Jesus had left an indelible impression on him. Just after Jesus was taken from the Garden of Gethsemane, a couple of the disciples came frantically to Mark's house, which was not far from a small prison where the high priest kept those arrested. Mark had run out to see what was happening, wearing only a linen shirt on. Astounded that the messiah could be arrested, he met up with them, coming up the long stairs on the south side of the temple, in the old city of David. When the guards saw him acting suspiciously, they reached for his shirt, and he only escaped by fleeing naked into the darkness.

But Mark was still somewhat unsure about what Paul was doing with the Gentiles. He was okay with them converting to Judaism. He was okay with the God-fearers in the synagogue. But he had serious questions about how agressively Paul was pursuing the Gentiles and proclaiming that the faithful death of Jesus could apply to them with only a baptism in water to show for it.

And Barnabas seemed less and less in charge of the mission. Sometimes it irritated Mark that Barnabas let Paul do so much of the talking. And Barnabas tended to go along with whatever Paul suggested, usually without asking some of the questions Mark thought should be offered.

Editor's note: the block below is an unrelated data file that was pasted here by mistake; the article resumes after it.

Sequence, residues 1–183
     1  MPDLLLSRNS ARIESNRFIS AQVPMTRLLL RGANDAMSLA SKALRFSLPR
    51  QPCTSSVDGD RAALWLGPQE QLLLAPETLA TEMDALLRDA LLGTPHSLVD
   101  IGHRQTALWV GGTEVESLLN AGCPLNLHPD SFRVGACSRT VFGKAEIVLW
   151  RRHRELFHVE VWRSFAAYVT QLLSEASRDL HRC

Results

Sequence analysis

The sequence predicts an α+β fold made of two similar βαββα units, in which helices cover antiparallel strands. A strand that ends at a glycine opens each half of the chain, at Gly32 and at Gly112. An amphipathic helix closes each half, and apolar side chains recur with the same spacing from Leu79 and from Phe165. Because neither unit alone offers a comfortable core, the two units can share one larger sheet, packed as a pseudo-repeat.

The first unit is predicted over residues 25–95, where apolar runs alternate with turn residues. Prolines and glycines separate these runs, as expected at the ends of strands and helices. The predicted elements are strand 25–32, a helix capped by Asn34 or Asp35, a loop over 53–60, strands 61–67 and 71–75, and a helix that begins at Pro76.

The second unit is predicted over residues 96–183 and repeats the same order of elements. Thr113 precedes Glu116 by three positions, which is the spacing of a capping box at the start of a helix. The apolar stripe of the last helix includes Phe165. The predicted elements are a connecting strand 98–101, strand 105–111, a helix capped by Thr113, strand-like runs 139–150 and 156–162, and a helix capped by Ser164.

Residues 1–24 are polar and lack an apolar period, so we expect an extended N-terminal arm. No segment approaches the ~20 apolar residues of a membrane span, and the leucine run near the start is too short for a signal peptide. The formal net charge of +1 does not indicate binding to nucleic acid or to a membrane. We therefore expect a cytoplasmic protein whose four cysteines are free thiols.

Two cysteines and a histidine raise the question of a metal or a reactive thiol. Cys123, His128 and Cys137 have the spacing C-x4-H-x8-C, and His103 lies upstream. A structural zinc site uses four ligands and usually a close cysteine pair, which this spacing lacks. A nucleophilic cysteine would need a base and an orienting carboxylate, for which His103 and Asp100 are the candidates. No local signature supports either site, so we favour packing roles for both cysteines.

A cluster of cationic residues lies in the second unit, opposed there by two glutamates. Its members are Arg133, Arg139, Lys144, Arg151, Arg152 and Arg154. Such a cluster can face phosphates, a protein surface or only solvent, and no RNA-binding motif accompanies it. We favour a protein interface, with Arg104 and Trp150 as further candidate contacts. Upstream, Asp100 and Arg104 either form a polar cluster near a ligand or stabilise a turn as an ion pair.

And Paul was a hard task master. Mark was responsible for the bulk of their stuff and was at Paul's beck and call. Paul could sense Mark's resentment for the work, which made him push even harder. The long and short of it is that when they arrived on the shores of Asia Minor at Attalia, Mark took one look at the immense mountains to the north and grabbed a ship headed back east toward Antioch...

1 comment:

Richard Fellows said...


I think you are right to speculate that south Galatia was not in the original plan. If it had been in the plan they would have gone overland through the Cilician Gates to south Galatia and then travelled south to Perga and then sailed east to Cyprus. This would have avoided the difficult sea voyages against the prevailing winds from Antioch to Salamis and from Paphos to Perga. Paul always sailed east and walked west.

I also agree that the change of plan can help explain why Mark turned back. But I suggest that the change of plan occurred at Perga. If the decision to go to Galatia was made at Paphos, Mark would not have embarked on the difficult and dangerous sea voyage against the prevailing winds to Perga, only to do a 180 degree turn almost immediately and return to Jerusalem. So it seems to me that Perga WAS in the original plan.